PROVIDENT is listed on the National Register of Historic Vessels (NRHV) as being of national significance and is one of 6 Brixham trawlers with National Historic Fleet (NHF) status. The Fleet comprises some 200 vessels of outstanding national significance out of a total of 1200 vessels registered on the NRHV.
PROVIDENT was built by Saunders & Co at Galmpton on the River Dart in 1924. She was one of the last trawlers to be built for working under sail for the skipper William Pillar. She is of the medium size Mule class with a gaff-ketch rig. She fished for six years, with a crew of three men and a boy, and was then sold to an American, Captain R H Lagarde, who had her converted to a yacht design by Morgan Giles.
PROVIDENT had three more owners in the West Country, during which time she had an engine fitted. She spent the war years on the Helford River in Cornwall.
After the war she continued cruising, including Baltic ports and eventually arrived in Salcombe in 1951 to be put up for sale. She was purchased by John Bayley who, with PROVIDENT, founded the Island Cruising Club (ICC). She continued under Club ownership until 1971 when the newly formed Maritime Trust bought her and chartered her back to the ICC so that she could continue her sailing career.
In 1986 it became apparent that PROVIDENT's condition was such that she had to be taken out of commission. A major fundraising campaign was launched and the refit work commenced. She was launched and started sailing again at the end of 1990. The interior joinery was fitted and PROVIDENT was fully commissioned in May 1991.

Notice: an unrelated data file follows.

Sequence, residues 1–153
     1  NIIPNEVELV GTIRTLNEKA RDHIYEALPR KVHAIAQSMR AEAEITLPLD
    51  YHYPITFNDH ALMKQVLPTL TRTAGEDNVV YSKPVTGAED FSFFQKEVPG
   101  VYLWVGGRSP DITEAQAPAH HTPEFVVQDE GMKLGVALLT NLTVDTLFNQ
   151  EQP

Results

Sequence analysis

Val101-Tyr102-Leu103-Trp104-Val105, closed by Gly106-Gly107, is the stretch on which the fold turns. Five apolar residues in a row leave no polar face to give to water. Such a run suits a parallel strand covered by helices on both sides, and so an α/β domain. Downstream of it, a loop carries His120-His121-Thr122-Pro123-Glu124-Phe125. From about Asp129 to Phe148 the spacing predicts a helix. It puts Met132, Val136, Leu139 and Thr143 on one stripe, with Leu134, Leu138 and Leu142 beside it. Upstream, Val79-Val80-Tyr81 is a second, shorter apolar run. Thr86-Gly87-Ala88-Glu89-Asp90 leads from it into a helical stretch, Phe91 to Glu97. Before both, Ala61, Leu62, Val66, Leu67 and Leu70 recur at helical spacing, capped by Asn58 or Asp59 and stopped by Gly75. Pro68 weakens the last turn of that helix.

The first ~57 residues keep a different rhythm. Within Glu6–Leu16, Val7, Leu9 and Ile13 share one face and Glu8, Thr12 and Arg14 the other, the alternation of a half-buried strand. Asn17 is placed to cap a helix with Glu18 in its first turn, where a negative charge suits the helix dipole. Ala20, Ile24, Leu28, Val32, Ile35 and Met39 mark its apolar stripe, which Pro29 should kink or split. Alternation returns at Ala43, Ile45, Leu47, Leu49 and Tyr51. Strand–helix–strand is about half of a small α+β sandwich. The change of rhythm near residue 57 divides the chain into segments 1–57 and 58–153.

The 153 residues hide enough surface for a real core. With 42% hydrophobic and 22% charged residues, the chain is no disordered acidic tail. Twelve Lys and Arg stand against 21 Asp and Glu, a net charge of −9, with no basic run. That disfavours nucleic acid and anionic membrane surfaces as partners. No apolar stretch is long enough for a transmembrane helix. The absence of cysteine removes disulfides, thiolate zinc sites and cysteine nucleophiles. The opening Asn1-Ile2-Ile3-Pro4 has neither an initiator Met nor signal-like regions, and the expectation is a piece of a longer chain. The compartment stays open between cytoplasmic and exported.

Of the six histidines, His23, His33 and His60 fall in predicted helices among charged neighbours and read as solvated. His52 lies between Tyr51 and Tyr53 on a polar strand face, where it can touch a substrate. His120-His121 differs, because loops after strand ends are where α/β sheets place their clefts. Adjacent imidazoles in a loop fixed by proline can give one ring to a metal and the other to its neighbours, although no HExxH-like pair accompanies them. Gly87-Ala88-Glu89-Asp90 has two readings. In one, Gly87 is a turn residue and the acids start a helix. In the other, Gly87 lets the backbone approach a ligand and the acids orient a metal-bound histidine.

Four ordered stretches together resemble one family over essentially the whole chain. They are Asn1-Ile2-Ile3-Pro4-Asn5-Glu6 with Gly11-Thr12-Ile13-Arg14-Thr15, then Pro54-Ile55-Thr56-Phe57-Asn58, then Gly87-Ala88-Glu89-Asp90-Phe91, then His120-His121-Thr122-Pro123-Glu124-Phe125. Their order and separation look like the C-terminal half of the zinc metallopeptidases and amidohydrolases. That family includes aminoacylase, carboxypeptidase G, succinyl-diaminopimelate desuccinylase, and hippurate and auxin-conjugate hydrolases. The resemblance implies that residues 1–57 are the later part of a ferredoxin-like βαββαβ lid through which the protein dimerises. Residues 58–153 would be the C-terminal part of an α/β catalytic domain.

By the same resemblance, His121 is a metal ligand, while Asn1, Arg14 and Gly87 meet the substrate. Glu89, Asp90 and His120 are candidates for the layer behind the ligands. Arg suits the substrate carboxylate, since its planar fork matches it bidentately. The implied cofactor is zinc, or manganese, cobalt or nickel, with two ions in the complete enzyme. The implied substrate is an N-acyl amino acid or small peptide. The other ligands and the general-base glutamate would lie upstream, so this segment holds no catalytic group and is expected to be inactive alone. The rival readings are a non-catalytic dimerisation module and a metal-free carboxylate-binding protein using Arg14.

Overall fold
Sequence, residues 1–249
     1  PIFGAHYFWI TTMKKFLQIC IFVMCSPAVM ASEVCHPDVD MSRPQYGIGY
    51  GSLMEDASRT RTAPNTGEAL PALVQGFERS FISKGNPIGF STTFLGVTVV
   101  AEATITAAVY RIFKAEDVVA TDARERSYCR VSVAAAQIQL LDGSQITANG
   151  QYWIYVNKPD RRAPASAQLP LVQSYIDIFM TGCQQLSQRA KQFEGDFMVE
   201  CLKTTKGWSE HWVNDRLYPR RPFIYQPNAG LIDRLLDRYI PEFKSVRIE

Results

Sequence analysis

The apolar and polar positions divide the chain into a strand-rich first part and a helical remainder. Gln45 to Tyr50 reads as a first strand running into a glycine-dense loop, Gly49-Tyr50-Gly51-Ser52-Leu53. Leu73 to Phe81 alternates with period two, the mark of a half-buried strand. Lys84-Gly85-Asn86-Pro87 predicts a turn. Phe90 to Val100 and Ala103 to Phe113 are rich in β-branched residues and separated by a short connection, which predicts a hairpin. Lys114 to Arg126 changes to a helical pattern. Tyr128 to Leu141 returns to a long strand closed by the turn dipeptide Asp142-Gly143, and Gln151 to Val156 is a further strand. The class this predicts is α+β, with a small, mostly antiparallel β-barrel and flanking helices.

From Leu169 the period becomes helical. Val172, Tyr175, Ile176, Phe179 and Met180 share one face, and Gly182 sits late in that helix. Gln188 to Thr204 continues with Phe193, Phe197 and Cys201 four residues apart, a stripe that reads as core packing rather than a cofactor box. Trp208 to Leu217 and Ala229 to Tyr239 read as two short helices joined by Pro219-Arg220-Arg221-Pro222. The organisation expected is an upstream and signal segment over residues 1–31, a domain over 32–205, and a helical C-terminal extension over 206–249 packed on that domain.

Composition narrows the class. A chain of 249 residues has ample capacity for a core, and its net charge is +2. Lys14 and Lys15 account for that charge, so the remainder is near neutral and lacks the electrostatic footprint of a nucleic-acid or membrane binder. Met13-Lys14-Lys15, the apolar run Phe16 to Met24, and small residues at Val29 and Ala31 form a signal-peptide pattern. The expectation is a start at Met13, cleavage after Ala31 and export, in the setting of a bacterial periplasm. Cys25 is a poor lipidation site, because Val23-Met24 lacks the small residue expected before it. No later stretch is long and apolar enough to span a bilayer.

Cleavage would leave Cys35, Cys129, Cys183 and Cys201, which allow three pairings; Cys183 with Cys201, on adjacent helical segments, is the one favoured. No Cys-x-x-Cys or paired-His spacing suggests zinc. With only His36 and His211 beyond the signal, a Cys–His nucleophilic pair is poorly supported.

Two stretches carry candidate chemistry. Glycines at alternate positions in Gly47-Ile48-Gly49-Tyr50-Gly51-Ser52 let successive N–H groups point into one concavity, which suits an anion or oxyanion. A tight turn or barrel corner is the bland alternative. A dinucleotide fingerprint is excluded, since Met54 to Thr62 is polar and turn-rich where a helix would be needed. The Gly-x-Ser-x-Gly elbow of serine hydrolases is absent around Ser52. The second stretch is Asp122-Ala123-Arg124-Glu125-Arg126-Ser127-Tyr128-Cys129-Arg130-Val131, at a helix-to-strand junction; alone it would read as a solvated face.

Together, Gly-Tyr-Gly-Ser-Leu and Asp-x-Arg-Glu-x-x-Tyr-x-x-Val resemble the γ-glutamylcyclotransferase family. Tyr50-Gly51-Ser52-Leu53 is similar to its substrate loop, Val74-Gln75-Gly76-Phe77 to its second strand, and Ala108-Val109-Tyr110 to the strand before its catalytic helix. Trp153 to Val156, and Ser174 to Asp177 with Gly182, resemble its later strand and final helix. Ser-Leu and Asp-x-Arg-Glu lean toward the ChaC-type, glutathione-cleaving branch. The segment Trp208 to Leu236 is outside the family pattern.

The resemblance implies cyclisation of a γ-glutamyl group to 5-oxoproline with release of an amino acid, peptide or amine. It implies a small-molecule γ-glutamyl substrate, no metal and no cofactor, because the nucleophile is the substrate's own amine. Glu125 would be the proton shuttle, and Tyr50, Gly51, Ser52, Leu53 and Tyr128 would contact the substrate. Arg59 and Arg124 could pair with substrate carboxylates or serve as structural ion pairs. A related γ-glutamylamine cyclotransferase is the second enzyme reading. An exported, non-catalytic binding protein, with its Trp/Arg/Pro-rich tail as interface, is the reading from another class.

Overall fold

In 1993, The Maritime Trust sold PROVIDENT to the Exeter based charity The Island Trust, who continued to charter her to the ICC on a similar basis.
Brouwer, Norman J, International Register of Historic Ships, Anthony Nelson, Edition 2, 1993
Lost Ships of the West Country, Stanford Maritime, 1988
Old Gaffer's Association Member's Handbook and Boat Archive, 1993
Sullivan, Dick, Old Ships, Boats and Maritime Museums, Coracle Books, 1978
Corin, John, Provident and the Story of the Brixham Smacks, Tops'l Books, 1980
Classic Boat:The provenance of Provident, October 2005
Classic Boat: Brixham trawling for Funding, June 2004
Johnstone-Bryden, Richard, Maritime Heritage: Salcombe's Historic Vessels, pp53-5, September-October Volume 2.3, 1998
Ships Monthly: A-Z of Sail; Provident, pp33, July 1994
Built by Sanders & Co of Galmpton, Devon
Bought by an American and converted to a yacht design by Morgan Giles
Bought by John Bayley who used the vessel to found the Island Sailing Club
Bought by the Maritime Trust and chartered back to the Island Sailing Club to continue her sail training career
Refit commenced after major fundraising campaign
Re-launched for sailing use
Participated in the Avenue of Sail at the Queen’s Diamond Jubilee celebrations
£20,000 awarded to Trinity Sailing Foundation from the PRISM Fund towards conservation of the vessel's deck
A Sustainability Award of £1000 towards the costs of restoring the keel was made from the Strategic Development Fund of National Historic Ships UK